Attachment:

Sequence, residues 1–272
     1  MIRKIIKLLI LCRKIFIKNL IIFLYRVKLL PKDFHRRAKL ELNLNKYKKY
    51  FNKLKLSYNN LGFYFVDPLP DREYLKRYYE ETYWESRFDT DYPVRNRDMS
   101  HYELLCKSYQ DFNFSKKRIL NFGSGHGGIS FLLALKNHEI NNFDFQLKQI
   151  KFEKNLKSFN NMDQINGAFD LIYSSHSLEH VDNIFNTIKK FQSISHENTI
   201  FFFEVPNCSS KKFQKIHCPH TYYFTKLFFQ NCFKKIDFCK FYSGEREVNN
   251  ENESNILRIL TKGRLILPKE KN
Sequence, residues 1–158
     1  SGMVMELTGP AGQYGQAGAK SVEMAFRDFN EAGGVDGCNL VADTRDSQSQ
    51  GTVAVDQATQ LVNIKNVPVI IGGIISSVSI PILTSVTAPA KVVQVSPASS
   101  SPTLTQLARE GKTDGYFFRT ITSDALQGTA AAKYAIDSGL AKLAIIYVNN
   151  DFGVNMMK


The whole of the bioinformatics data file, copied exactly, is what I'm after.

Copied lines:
Sequence, residues 1–272
     1  MIRKIIKLLI LCRKIFIKNL IIFLYRVKLL PKDFHRRAKL ELNLNKYKKY
    51  FNKLKLSYNN LGFYFVDPLP DREYLKRYYE ETYWESRFDT DYPVRNRDMS
   101  HYELLCKSYQ DFNFSKKRIL NFGSGHGGIS FLLALKNHEI NNFDFQLKQI
   151  KFEKNLKSFN NMDQINGAFD LIYSSHSLEH VDNIFNTIKK FQSISHENTI
   201  FFFEVPNCSS KKFQKIHCPH TYYFTKLFFQ NCFKKIDFCK FYSGEREVNN
   251  ENESNILRIL TKGRLILPKE KN
Sequence, residues 1–158
     1  SGMVMELTGP AGQYGQAGAK SVEMAFRDFN EAGGVDGCNL VADTRDSQSQ
    51  GTVAVDQATQ LVNIKNVPVI IGGIISSVSI PILTSVTAPA KVVQVSPASS
   101  SPTLTQLARE GKTDGYFFRT ITSDALQGTA AAKYAIDSGL AKLAIIYVNN
   151  DFGVNMMK